Bitter row over troop withdrawal from Kabul
22 September 2005, MADRID — The Spanish prime minister and the leader of the conservative opposition are embroiled in a bitter five-hour debate over the departure of Spanish troops in Afghanistan.
22 September 2005
MADRID — The Spanish prime minister and the leader of the conservative opposition are embroiled in a bitter five-hour debate over the departure of Spanish troops in Afghanistan.
Socialist premier Jose Luis Rodriguez Zapatero and opposition leader Mariano Rajoy accused each other of manipulation and being economical with the truth.
The premier said that the 500-man contingent sent to Afghanistan to help monitor the recent elections will began its withdrawal.
They should be back in Spain by 12 October after having "successfully" completing their mission.
After paying homage to the 17 Spanish soldiers who died in a helicopter crash in Afghanistan in August, which Zapatero called a "tragic accident," he defended the humanitarian nature of Madrid's troop deployment there.
However, Rajoy, the leader of the conservative Popular Party (PP), accused the prime minister of having deceived his government, his legislative colleagues and the public by "deliberately obscuring" the troops' mission.
He said Zapatero had given the country a "Little Red Riding Hood story without the wolf".
Rajoy added that the premier had not mentioned that in Afghanistan a "very tough struggle" is being waged against terrorism and that the troops' deployment was not a peace mission because "there's no peace ... (and it's) very dangerous".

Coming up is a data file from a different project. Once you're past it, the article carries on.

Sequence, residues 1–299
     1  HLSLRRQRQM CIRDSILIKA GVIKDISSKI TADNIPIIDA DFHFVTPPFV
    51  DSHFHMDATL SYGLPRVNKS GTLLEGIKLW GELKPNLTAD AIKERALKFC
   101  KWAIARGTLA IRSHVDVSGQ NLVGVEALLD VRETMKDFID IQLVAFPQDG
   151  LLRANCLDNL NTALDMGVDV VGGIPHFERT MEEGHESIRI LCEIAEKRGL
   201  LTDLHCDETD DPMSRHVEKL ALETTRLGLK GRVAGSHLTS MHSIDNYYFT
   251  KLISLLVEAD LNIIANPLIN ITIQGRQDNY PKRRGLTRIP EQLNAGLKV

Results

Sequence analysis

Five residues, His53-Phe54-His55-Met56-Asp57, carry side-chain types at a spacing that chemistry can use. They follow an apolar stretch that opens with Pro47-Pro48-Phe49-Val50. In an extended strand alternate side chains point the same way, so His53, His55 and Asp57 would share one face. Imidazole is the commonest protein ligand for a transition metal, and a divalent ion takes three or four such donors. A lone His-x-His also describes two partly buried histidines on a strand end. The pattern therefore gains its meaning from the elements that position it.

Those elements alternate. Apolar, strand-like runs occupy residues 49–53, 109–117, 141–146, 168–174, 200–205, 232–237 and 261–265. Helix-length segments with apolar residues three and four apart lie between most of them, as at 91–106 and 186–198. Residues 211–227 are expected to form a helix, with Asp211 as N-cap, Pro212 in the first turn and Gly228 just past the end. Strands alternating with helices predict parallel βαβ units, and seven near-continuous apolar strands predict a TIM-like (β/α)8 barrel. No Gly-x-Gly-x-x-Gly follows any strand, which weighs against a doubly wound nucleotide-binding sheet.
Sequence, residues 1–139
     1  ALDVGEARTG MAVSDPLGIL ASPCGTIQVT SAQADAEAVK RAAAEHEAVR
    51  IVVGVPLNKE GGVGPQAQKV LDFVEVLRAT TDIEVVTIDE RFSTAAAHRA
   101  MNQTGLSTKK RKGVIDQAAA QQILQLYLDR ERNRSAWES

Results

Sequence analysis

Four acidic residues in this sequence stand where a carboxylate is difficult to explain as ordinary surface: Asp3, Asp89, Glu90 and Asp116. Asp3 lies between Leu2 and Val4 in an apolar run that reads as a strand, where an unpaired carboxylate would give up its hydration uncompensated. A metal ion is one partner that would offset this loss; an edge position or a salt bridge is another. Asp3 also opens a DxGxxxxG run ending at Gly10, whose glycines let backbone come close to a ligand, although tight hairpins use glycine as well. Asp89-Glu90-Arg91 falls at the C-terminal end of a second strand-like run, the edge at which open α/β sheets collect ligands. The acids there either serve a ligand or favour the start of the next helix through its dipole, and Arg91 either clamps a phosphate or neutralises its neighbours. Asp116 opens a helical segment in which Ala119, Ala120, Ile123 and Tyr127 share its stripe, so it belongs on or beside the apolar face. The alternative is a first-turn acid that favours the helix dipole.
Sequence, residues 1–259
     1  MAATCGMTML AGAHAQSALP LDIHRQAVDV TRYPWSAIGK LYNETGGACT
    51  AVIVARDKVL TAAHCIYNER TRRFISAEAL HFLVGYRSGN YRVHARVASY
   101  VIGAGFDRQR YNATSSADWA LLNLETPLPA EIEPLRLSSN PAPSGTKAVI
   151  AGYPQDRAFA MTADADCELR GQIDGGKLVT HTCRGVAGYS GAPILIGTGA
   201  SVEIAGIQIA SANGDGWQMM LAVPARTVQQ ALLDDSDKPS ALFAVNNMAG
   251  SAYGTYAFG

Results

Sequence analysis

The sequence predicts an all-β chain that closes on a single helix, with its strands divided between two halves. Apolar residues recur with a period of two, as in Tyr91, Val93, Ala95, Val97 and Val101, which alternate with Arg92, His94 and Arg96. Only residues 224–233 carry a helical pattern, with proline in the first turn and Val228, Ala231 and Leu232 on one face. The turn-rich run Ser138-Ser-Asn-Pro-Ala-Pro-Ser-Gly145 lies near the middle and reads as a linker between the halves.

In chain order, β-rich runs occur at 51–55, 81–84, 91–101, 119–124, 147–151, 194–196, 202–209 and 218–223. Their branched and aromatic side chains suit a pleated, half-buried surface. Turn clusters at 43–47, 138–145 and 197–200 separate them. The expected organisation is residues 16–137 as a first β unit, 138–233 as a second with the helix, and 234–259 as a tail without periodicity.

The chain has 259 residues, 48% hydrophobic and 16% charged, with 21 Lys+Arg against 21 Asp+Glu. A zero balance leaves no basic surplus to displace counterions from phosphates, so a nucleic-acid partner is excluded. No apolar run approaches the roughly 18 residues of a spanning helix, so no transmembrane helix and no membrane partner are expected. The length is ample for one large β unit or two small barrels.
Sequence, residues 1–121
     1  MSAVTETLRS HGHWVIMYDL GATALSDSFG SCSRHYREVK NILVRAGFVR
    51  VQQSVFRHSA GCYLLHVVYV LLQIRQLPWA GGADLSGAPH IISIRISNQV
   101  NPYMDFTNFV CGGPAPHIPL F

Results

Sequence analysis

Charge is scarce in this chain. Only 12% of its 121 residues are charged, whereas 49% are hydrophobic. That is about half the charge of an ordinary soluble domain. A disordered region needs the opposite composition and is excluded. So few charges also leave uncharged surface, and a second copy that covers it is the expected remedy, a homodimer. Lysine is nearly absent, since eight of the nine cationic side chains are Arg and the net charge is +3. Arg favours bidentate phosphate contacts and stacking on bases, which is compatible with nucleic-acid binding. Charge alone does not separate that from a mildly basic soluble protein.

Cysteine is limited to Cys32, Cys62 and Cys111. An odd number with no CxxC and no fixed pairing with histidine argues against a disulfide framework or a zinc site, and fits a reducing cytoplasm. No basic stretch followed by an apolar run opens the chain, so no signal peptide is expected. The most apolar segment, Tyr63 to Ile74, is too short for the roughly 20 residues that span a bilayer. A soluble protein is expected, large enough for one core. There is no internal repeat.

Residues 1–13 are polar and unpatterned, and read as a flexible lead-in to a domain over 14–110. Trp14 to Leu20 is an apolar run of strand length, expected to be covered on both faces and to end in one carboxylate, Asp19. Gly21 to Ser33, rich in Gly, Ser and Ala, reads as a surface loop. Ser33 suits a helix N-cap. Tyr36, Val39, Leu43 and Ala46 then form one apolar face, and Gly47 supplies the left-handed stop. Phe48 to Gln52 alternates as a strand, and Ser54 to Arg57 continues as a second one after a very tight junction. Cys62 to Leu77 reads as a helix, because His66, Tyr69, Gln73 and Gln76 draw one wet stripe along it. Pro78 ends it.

Zapatero responded that Rajoy was not telling the truth, had "a problem with the past ... (and was) trying to overcome his very serious errors" in Iraq, referring to the decision of the 1996-2004 PP administration to join the U.S.-led occupation force in that Middle Eastern country.
He said that he had explained the current risks in Afghanistan and, in contrast to Rajoy's remarks, added that he was not the Spanish prime minister with the most troops stationed abroad, a distinction he said belonged to Jose Maria Aznar, his predecessor.
Aznar's commitment of Spanish forces to Iraq was opposed by 90 percent of Spaniards, according to polls taken in 2003.
Prior to 11 March, 2004, when what turned out to be Islamic militants detonated bombs that left nearly 200 dead on Madrid commuter trains, Rajoy was expected to become Spain's next prime minister, as the PP was tipped to win the 14 March general elections.
But the Socialists pulled off an upset, thanks in part to public perceptions that the terror attacks were in response to the presence of Spanish troops in Iraq, and to mistrust generated by the Aznar government's insistence in blaming the bombings on Basque separatists even after evidence emerged pointing to radical Muslims.
[Copyright EFE with Expatica]
Subject: Spanish news